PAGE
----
Every year, when the last traces of snow and chill have disappeared and the golden daffodils and tulips have sprung up all around, my spirits lift and my ears strain to catch the melodious jingle of the ice cream truck in the neighbourhood. The child in me comes alive every spring.
I give in to my cravings and feast on the vanilla and chocolate cones a few times every summer, much to the mirth of the better half (he must be secretly relieved that I don’t chase the ice cream man, like the kids in the park do.) I try my best to hide the childlike joy as I place my order but I suspect the ice cream man has seen through the game. Never mind. Oh, the heavenly bliss of the creamy texture of the treat. The sugar and calories are all forgotten in my current juvenile state
Actually, the ice cream itself is nothing exceptional. More significant is the ice cream truck that stands for the joys of childhood. It is the mood, the feeling, the excitement that causes the drama. Back in India, where I grew up, there was no ice cream truck. But there was the ‘kulfiwalla’ announcing his grand arrival every afternoon with the jingle of a bell. I would always marvel at the homegrown ‘technology’ that kept the creamy, conical treats solid and chilled even in the cart even during the searing summer heat! How can I ever forget my first lick of delicious ‘kulfi’ bought for 10 paise from the ‘kulfiwalla’ outside my school? He would swiftly take out one conical metal mould from a big, rectangular box, ‘unmould’ the content and hand the ‘kulfi’ to this eager kid, with a flourish, much like a magician producing a rabbit out of his hat! Yes, to us starry-eyed kids he was a magician.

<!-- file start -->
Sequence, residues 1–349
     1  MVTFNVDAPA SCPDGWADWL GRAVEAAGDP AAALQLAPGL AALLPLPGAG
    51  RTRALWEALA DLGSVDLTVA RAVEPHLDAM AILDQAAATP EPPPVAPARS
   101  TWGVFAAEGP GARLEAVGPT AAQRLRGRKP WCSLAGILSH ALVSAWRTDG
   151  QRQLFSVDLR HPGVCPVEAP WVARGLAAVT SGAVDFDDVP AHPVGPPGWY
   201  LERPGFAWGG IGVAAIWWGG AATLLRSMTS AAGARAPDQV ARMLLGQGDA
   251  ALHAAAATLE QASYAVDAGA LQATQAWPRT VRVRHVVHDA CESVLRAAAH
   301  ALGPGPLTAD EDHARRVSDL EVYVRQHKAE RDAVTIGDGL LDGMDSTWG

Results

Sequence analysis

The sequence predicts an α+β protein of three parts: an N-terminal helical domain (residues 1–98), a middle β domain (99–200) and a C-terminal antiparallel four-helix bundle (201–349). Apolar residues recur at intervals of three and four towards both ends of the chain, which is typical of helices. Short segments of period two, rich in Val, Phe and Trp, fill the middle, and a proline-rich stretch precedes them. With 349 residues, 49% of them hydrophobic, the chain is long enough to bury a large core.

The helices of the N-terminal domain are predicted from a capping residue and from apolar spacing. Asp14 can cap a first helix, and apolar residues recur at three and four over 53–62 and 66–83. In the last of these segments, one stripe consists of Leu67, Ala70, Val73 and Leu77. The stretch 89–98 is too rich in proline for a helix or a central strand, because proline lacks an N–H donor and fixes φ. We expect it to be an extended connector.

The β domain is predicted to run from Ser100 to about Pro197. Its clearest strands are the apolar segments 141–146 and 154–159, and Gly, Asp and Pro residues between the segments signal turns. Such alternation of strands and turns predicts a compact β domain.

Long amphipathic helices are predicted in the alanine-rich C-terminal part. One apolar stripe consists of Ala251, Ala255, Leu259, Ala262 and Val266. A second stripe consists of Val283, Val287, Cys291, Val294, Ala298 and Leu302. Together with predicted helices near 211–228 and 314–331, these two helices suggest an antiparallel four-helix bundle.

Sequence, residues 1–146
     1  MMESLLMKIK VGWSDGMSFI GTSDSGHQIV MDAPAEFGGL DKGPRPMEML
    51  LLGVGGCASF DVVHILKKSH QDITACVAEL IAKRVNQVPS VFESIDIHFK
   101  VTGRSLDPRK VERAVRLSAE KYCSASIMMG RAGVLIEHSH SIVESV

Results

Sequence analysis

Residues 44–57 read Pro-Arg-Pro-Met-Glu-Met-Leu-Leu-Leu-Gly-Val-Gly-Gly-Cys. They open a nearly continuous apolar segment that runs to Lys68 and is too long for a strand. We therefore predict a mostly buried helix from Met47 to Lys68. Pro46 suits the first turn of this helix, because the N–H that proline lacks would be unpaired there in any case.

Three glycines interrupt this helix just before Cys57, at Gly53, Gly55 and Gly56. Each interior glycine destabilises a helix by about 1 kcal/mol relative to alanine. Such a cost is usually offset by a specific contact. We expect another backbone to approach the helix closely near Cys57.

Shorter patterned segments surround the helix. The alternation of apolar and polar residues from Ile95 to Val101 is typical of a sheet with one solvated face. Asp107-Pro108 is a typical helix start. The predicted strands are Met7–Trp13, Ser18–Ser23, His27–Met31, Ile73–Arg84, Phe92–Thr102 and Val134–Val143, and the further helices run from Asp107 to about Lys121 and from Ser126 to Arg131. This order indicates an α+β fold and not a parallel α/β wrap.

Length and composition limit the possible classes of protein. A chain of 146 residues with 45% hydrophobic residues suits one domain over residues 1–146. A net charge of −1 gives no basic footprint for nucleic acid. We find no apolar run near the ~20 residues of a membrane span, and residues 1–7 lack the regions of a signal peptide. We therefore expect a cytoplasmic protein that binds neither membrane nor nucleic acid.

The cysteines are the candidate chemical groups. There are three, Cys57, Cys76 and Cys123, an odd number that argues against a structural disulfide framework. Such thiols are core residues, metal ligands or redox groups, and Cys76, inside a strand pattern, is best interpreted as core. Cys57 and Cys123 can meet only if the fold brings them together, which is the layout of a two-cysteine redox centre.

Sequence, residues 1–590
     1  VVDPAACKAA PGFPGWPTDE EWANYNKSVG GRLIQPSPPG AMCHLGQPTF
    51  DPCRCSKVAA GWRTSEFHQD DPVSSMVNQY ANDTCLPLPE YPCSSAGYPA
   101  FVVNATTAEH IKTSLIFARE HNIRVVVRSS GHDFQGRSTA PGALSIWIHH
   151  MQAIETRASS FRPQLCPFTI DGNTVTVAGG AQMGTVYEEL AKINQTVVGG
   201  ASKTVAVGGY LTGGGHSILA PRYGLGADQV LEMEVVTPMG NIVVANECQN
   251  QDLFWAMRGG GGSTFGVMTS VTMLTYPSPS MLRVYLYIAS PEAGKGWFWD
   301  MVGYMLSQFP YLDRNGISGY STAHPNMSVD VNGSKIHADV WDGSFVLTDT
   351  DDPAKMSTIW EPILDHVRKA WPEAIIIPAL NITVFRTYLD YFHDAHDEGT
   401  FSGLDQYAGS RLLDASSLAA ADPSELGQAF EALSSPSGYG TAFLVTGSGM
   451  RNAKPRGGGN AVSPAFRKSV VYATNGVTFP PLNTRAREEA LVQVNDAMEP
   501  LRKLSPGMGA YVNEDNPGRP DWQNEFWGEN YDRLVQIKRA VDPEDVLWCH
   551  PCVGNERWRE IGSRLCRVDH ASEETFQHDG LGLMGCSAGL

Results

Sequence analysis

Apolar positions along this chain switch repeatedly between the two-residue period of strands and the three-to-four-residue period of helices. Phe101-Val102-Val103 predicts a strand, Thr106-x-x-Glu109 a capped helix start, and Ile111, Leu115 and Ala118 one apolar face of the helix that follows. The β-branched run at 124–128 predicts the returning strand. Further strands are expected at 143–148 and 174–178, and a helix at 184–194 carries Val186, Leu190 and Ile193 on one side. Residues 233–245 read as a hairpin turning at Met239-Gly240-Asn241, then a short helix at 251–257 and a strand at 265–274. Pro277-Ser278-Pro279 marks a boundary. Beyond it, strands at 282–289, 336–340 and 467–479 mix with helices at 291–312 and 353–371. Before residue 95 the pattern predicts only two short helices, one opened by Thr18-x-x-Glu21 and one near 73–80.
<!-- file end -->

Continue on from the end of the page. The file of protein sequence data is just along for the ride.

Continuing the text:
Another object of fascination while growing up was the colourful ‘chuski’ or ice ‘gola‘. Parents were always wary for reasons of health and hygiene. Diktats to keep away were common. But for us kids, it was mesmerizing to watch the ‘uncle’ take a chunk of ice, swiftly grate it, press the grated ice around an ice cream stick, spray our favourite cola or orange flavour on it and voila, the tantalising popsicle was ready to be relished. Breaking the rules gave us cheap thrills and, I suspect, enhanced our enjoyment of the popsicle.
I am not a fan of street food despite having lived long in Delhi, often called the street food capital of the country. But I did make an exception for the yummy chuski delights at India Gate. I simply loved the ‘kala khatta’, which had the spicy tang of chaat masala. The ambience of the majestic Rajpath and India Gate gave a royal touch to the humble chuski.
Later, there were the ‘ice-cream wallahs’ selling different brands of ice cream in their carts. There were fancy ice cream parlours offering a wide array of innovative frozen delights. And now, there are stores that offer the best ice cream, frozen yoghurt, fudge and kulfi. Without a doubt, yummy treats all. But to be honest, they are just not the same. There is no tinkle of bells or the jingle of the truck. Or the sound of the soft grated ice. No thrill sans the trill, I guess.
The child in me wants some drama in real life. To chill, one summer every year. What do you say?